The law does not apply to either employees in “safety sensitive positions” or to those who are required to undergo drug testing as a federal requirement.
Act Number A23-0114 specifically protects District of Columbia government employees but it does not protect District of Columbia private sector employees. Nationally, state and local laws do not protect public or private sector employees who: 1) use or possess marijuana during hours of employment, and/or 2) are impaired by marijuana during hours of employment.
In the past, an employer could terminate an employee who tested positive for marijuana. However, the current trend, in the law, is to protect employees who are registered users of medical marijuana due to a debilitating medical condition. This is particularly the case in localities and states where medical marijuana is legal and reasonable accommodation laws exist that specifically protect employees who are medical marijuana users.
Currently, the District of Columbia’s laws do not protect private sector employees who are medical marijuana users. Whitmere v. Wal-Mart Stores, Inc., 359 F.Supp. 3d 761, 778 (Dist. Court, D. Arizona 2019); Coles v. Harris Teeter, LLC, 217 F. Supp. 3d 185, 188 (Dist. Court. District of Columbia 2016) (“As the courts in those cases concluded, the District here can at most be said to maintain a public policy that decriminalizes and allows the consumption of marijuana for private medical reasons. That is a far cry from prohibiting employers from terminating such users.”) Furthermore, the Americans with Disability Act (ADA) does not protect medical marijuana users from termination by their employers either.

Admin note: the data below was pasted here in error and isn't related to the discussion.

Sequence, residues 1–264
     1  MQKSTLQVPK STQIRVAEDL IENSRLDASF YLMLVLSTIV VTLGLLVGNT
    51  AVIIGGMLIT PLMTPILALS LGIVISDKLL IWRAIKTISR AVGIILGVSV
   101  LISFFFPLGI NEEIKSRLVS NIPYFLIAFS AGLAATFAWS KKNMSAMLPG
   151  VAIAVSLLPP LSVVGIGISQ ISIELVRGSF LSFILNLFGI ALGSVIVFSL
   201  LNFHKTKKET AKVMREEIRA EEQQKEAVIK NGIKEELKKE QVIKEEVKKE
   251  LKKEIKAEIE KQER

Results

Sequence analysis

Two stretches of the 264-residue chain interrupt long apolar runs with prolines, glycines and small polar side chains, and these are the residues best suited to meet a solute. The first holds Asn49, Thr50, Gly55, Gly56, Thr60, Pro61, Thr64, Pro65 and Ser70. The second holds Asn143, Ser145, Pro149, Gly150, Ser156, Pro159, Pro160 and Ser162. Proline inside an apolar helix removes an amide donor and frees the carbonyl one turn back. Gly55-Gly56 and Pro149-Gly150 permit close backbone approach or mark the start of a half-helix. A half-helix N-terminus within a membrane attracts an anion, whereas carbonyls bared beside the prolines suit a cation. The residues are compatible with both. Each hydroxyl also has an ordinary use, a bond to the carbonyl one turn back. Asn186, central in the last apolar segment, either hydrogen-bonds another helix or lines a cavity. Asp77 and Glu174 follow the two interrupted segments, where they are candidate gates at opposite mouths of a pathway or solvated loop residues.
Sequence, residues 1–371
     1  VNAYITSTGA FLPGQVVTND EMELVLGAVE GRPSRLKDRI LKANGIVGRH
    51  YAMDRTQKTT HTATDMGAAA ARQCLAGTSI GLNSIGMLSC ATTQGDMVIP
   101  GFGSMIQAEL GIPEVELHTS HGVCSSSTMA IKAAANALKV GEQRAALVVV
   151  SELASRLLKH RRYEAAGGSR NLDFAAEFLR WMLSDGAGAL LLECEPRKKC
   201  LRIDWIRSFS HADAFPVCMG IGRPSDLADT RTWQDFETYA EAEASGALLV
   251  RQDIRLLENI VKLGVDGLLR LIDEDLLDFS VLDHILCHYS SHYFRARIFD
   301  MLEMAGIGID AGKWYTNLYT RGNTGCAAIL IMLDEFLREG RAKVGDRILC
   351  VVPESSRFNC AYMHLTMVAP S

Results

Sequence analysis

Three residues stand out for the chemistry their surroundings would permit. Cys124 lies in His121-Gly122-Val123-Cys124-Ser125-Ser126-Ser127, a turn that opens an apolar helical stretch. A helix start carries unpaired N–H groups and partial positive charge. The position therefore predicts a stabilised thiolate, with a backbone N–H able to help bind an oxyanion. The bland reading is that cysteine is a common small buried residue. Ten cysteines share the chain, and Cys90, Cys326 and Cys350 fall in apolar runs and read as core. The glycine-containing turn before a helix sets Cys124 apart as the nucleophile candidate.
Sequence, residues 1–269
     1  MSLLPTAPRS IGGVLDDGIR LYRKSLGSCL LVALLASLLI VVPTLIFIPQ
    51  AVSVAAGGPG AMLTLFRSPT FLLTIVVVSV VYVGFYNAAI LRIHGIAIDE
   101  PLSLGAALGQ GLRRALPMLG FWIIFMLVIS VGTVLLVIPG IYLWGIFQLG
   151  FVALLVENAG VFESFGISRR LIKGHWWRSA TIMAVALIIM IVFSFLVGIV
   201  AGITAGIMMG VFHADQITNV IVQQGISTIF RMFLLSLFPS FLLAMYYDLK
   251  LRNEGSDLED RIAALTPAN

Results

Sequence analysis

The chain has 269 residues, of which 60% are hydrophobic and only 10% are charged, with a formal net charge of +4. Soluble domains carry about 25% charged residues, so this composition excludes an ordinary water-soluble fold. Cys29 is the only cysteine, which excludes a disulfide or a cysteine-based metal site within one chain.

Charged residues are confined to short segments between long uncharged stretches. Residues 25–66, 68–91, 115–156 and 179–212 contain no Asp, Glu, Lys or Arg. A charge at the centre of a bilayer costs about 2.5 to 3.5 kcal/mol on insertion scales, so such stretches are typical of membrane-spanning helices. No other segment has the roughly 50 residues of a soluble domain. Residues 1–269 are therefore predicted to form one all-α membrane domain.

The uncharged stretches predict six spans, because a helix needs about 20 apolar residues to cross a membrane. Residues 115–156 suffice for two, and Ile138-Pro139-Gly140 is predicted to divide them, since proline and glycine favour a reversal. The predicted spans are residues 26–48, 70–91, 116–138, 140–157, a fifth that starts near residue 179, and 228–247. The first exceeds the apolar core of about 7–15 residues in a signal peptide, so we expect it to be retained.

However, in light of Act Number A23-0114, which protects District of Columbia government employees who are medical marijuana users, one has to wonder whether the District of Columbia court, D.C. Superior Court, would determine that private sector District of Columbia employees, who are medical marijuana users, have similar protection. Filing a disability claim under the D.C. Human Rights Act may be the test.
I am a civil rights lawyer whose focus is employment discrimination. I have been fighting for workers against powerful employers since 1993. I practice before the EEOC and in the federal courts. I am a graduate of Dartmouth College and the University of Wisconsin-Madison law school.
If you are experiencing workplace discrimination, fighting back generally begins with filing a discrimination complaint with the Equal Employment Opportunity Commission (EEOC). The EEOC complaint process does not require the presence of a lawyer. Today, much of the EEOC complaint process is conducted on-line or by telephone.
However, if you do not have an experienced lawyer advising you, the EEOC complaint process can be brutal. You will be going up against your employer’s highly experienced lawyers. Workplace anti-discrimination laws give employers a huge advantage over workers. The outcome is predictable, employers win 98% of the time at the EEOC.